Yearly Archives: 2012

clever people and grocers, they weigh everything

It’s been hard to write, though not from a lack of inspi­ra­tion. Far from it; it seems like there’s a smile or tear hid­den in every lit­tle detail of an Autumn day. The prob­lem is I don’t have the time. I don’t reflect on an emo­tion­al rush until I have a chance to write by a win­dow in the dark, and those oppor­tu­ni­ties are get­ting more and more rare.

That means I’m get­ting bet­ter at putting my feel­ings on hold, though no bet­ter at fig­ur­ing out whether that kind of dis­trac­tion is a good idea. I imag­ine it’ll all catch up to me at some point, and I’ll find out soon enough.

girl in doorway

It’s a sure sign that the Cipralex is out of my sys­tem. I’ve decid­ed that being able to feel is bet­ter than being numb, even if that means not know­ing which way things are going to go. Right now, I’m just appre­cia­tive of fru­gal forms of hap­pi­ness again, my lat­est dis­cov­ery being the feel­ing of a healthy lath­er rins­ing clean from your hair.

Maybe my time away did me some good. I lost a week, but I’m feel­ing recharged. I’ve been pro­duc­tive. I’ve been social. I’ve even been exer­cis­ing.

Now I’m ready to begin again.

Escape from New York, part 2

Check out my short film about being Trapped in NYC.

I walk towards Penn Station, after being uncer­e­mo­ni­ous­ly dumped along with sev­er­al oth­er con­fused pas­sen­gers at Grand Central by shut­tle. While it’s hard to get a sense of how long it’ll take, the grid gives me the courage to con­tin­ue on foot instead of wait­ing for a trans­fer­ring shut­tle.

I car­ry screen­shots of a map on my phone, which I soon dis­cov­er is a poor sub­sti­tute for an actu­al map when nav­i­gat­ing New York. The roads occa­sion­al­ly run in strange direc­tions or skip num­bers, and it’s enough to throw off my ori­en­ta­tion.

Still, the city feels small­er than I thought. So many sto­ries hap­pen here, told in movies and nov­els and songs, that I’ve always expect­ed it to be a size rel­a­tive to the dreams peo­ple have. This is what F. Scott Fitzgerald must have felt when he climbed the Empire State Building1, saw the lim­its of the city for the first time from with­in, and was left “with the awful real­iza­tion that New York was a city after all and not a uni­verse”.

New York apartment

I passed through here many years ago when I was too young to be scared of what could go wrong, and too much in love to care any­way. That jour­ney — on my way to Jersey by bus — was far longer than this one through Toronto by plane. I sur­vived then, that’s how I know I’ll sur­vive this, no mat­ter what hap­pens.

Continue read­ing “Escape from New York, part 2”…

  1. The tallest man-made struc­ture in the world at the time, a record it would hold for 23 years. []

Escape from New York

Three days and two nights. Friday, Saturday, Sunday. Meet Mike at the cor­ner of 31st Street and 8th Avenue in Manhattan after the busi­ness part of his trip was fin­ished. Get out of the coun­try, con­nect with a good friend, return with some nice mem­o­ries. That was the plan, but I nev­er caught my plane home.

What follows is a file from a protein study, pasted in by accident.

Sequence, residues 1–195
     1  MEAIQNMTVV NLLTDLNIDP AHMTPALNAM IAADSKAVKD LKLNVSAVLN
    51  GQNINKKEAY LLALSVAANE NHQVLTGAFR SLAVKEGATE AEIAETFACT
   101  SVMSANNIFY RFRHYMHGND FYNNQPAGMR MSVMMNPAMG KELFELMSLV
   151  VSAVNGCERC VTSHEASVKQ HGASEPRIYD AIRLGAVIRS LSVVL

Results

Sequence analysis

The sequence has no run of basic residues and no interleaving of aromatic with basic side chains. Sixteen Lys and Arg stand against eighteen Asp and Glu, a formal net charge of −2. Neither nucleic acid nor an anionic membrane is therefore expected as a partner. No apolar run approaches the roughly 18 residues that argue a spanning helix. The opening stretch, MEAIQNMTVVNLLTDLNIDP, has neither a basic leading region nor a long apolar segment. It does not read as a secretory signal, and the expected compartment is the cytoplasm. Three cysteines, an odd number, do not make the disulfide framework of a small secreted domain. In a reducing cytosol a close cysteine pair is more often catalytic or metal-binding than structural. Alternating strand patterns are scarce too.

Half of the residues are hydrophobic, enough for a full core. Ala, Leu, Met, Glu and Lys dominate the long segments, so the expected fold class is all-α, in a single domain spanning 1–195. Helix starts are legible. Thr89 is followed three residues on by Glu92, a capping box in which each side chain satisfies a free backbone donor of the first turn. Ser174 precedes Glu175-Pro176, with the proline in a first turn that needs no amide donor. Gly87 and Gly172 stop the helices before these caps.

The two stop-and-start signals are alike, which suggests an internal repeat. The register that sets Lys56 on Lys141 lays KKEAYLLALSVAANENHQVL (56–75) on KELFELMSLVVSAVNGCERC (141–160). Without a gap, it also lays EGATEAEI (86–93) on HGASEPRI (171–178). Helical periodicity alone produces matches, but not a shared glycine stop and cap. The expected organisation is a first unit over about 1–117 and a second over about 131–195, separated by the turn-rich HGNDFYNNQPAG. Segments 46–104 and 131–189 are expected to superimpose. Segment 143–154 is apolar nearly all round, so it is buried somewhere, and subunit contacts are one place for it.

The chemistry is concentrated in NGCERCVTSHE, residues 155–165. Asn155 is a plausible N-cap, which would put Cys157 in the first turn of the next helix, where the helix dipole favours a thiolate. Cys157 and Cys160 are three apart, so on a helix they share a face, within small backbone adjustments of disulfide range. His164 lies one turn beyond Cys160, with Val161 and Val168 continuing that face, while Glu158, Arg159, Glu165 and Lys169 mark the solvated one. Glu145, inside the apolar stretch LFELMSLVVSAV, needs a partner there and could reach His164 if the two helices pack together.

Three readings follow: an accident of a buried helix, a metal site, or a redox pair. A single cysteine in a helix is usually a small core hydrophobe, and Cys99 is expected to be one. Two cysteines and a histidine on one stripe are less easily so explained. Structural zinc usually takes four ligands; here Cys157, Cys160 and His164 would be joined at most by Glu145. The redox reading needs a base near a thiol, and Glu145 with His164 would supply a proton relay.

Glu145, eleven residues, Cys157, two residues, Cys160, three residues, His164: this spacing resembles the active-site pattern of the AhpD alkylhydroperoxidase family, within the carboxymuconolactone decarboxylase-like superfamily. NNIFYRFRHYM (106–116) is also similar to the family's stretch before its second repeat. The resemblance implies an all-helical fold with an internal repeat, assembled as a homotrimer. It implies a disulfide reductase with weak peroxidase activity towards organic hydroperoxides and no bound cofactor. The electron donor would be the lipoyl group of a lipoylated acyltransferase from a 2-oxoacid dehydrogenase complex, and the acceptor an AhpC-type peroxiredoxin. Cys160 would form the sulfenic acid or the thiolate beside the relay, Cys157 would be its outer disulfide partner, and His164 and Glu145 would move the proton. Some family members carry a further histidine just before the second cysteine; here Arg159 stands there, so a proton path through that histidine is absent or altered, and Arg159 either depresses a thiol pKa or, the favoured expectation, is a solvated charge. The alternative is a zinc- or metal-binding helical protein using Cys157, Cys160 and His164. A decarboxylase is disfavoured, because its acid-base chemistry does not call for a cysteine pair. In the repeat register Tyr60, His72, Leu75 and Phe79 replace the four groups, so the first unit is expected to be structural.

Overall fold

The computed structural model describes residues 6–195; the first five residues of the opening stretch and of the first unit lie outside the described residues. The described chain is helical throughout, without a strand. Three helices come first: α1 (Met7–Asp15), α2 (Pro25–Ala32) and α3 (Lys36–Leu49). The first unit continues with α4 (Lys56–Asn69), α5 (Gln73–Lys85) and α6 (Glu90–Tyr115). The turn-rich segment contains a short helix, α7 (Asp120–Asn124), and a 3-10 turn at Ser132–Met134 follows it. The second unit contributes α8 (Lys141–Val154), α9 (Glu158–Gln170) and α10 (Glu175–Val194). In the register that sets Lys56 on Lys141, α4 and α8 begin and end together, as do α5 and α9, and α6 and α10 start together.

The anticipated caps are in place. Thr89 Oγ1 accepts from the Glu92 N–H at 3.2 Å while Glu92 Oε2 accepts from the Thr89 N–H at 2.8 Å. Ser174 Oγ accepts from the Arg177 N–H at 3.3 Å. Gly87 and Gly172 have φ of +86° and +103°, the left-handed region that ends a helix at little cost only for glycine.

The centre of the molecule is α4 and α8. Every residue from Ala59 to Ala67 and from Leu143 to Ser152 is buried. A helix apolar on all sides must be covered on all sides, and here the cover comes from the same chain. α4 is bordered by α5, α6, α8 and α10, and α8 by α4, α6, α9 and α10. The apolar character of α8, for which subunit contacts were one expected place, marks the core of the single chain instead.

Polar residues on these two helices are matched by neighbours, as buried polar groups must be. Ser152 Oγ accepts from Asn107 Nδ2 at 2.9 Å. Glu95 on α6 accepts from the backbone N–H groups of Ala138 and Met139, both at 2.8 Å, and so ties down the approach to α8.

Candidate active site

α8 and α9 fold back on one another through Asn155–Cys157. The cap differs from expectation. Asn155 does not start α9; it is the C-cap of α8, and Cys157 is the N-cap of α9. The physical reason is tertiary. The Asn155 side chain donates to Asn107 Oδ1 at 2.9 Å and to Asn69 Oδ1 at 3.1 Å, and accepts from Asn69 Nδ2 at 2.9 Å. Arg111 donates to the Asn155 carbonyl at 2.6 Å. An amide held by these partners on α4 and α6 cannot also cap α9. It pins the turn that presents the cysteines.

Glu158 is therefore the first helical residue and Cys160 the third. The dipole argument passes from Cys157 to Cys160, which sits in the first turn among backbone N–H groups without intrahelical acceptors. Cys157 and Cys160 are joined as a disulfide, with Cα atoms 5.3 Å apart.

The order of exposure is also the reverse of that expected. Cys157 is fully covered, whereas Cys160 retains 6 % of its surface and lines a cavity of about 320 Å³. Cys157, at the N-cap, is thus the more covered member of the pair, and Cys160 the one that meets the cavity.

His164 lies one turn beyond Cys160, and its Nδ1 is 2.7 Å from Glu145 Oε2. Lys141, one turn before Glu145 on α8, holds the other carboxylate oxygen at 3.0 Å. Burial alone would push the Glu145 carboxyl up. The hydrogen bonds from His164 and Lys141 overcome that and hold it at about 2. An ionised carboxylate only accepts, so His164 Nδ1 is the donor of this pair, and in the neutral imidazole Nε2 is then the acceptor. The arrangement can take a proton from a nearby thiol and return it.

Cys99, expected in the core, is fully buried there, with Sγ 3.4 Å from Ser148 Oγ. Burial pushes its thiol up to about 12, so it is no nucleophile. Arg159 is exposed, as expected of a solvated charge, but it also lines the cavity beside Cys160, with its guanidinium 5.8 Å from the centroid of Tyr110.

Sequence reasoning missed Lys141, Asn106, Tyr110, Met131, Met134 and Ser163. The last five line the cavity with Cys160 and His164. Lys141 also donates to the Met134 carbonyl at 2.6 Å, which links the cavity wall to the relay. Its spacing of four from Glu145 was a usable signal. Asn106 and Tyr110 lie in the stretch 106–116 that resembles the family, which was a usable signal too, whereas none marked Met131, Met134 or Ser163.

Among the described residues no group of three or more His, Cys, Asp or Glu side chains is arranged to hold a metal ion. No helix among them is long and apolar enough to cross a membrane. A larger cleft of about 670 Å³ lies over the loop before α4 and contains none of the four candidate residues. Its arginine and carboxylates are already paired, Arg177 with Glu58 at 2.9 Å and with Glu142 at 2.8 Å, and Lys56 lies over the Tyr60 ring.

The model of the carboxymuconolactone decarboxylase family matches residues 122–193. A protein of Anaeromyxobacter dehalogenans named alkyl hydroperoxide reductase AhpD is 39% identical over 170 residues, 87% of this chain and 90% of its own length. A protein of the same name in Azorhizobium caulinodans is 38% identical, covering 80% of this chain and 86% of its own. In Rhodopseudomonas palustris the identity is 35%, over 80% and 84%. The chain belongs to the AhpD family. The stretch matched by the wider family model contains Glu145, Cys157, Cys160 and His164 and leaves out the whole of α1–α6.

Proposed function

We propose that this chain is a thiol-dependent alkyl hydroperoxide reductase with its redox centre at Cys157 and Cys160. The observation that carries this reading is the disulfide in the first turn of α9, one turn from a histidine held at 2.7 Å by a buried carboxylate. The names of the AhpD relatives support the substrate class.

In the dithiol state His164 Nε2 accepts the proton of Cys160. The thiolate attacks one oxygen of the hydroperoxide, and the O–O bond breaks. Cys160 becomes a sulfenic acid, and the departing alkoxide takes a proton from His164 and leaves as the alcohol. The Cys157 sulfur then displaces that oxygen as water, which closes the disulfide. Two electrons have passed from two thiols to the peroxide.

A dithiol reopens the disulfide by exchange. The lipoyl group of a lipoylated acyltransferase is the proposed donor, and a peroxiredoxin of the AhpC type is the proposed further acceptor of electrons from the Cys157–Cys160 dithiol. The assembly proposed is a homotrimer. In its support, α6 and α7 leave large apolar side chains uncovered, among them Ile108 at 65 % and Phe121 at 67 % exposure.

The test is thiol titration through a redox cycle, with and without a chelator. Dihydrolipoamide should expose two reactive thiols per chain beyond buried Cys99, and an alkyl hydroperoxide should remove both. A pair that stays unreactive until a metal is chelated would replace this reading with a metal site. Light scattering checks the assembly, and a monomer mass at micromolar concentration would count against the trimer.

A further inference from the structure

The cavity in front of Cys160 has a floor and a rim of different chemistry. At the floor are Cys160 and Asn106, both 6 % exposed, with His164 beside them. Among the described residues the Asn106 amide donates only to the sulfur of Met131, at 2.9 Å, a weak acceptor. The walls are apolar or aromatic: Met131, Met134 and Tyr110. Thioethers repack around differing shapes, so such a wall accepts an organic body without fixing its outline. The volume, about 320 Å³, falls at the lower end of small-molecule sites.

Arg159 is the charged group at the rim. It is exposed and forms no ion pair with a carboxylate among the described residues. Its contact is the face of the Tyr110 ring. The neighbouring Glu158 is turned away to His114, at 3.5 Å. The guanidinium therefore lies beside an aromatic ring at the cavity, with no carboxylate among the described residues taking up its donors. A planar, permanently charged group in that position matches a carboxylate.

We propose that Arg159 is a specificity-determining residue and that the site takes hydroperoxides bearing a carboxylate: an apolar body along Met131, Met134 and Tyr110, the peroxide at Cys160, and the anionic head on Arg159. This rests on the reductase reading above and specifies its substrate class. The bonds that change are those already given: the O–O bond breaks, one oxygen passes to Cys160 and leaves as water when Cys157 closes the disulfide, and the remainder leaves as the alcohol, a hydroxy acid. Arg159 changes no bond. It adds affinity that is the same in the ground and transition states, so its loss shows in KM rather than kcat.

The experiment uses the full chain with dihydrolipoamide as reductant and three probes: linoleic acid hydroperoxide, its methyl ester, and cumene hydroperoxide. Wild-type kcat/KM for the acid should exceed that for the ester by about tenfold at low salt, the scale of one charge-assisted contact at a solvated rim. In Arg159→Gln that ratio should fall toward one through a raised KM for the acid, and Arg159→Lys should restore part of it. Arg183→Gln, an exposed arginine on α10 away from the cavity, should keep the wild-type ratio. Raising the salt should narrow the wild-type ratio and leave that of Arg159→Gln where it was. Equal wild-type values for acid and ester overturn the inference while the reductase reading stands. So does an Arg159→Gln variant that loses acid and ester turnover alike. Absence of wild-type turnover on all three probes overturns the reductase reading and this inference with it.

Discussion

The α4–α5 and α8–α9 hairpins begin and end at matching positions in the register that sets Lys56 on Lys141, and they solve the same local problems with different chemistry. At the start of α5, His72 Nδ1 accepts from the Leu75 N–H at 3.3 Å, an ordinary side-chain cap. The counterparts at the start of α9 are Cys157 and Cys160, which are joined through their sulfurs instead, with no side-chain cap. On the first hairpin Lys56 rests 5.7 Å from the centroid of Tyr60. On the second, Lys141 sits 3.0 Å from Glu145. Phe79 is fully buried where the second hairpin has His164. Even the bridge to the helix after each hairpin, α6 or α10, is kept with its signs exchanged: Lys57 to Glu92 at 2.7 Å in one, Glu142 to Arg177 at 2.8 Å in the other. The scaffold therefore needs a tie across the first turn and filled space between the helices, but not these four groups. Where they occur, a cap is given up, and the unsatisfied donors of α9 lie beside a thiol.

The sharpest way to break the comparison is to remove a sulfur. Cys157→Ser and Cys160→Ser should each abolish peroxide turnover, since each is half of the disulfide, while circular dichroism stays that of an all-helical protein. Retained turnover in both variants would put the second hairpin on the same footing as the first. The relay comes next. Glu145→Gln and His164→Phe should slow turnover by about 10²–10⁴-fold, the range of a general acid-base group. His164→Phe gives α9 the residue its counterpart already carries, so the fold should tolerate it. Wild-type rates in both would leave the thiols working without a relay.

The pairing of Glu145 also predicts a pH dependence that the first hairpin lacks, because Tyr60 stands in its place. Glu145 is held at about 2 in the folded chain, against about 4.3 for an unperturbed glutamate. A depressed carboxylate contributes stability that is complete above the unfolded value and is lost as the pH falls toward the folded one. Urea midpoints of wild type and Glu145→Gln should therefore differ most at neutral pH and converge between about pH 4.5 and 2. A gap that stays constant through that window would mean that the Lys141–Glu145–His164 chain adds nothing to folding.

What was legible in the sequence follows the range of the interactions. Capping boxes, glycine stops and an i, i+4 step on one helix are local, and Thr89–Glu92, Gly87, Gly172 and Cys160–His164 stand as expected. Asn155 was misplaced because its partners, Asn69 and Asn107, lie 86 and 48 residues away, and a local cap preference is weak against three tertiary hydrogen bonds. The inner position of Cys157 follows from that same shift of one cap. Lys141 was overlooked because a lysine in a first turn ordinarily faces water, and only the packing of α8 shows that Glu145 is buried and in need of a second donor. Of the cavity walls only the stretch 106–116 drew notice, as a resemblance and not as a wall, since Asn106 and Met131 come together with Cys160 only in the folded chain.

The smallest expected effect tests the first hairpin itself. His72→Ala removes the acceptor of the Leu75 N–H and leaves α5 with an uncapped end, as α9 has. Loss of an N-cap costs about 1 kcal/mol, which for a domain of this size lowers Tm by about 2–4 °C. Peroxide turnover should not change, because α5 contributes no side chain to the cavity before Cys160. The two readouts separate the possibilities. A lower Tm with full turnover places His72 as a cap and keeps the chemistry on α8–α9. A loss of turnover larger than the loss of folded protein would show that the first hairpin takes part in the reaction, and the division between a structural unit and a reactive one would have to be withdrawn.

A day before Hurricane Sandy land­ed, all flights at LaGuardia were can­celled, a theme that would con­tin­ue two more times until the air­line resched­uled my return for Saturday, almost a week longer than I had orig­i­nal­ly planned to stay (and that’s if it’s not can­celled again). Mike made it home to London, Liz and I weren’t so lucky.

They were expect­ing 6–9 feet of water, and we got 14. The pres­i­dent has declared a state of emer­gency. All mass tran­sit is shut down. The rail­road tun­nels are flood­ed. All air­ports are closed. School is out for the whole week. The New York Stock Exchange has been closed for two days straight, some­thing that has­n’t hap­pened since 1888. More than 2.5 mil­lion are with­out pow­er. The death toll is over 100 and count­ing.

Luckily, I have a place to stay. Aside from a brief loss of pow­er, a longer loss of inter­net access, and a few leaks from the ceil­ing, we’re sit­ting pret­ty with run­ning water, heat, and a flush­able toi­let. It’s a lux­u­ry com­pared to what oth­ers are going through at the shel­ters, and I con­sid­er myself for­tu­nate com­pared to those in New Jersey who’ve lost their homes, their pets, their pos­ses­sions, and their lives.

The strange part is that I’ve nev­er met the cou­ple who own this Brooklyn apart­ment. Liz and Mike found them through Roomorama, and they left before the storm hit, leav­ing Liz with the main bed­room and Mike with the guest room. They’ve been gen­er­ous enough to let me stay dur­ing this exten­u­at­ing cir­cum­stance, although the fact that they rent­ed out the guest room to some­one else two days ago means I’ve been rel­e­gat­ed to a nook and mat­tress on the floor. At least it’s cozy, and there’s a spare mat­tress.